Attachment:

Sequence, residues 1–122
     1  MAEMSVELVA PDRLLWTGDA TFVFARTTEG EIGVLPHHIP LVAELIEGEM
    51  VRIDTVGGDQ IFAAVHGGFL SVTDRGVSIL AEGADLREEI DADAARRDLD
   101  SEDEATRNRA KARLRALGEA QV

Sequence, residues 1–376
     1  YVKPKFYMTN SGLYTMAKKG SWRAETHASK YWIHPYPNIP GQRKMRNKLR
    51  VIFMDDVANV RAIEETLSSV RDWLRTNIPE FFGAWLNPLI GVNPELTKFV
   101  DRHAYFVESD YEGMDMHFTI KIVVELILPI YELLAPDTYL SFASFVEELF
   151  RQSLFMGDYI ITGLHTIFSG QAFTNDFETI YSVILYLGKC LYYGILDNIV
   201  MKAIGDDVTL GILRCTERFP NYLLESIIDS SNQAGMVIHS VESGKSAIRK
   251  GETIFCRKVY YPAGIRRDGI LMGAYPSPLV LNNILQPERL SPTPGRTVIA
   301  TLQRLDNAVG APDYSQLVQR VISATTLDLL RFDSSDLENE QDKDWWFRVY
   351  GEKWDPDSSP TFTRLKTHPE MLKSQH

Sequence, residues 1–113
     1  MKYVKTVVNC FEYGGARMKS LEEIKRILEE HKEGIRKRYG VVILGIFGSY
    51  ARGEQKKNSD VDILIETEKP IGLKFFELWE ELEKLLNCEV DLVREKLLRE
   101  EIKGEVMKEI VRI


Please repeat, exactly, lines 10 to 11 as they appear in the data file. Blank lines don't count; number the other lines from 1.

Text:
   201  MKAIGDDVTL GILRCTERFP NYLLESIIDS SNQAGMVIHS VESGKSAIRK
   251  GETIFCRKVY YPAGIRRDGI LMGAYPSPLV LNNILQPERL SPTPGRTVIA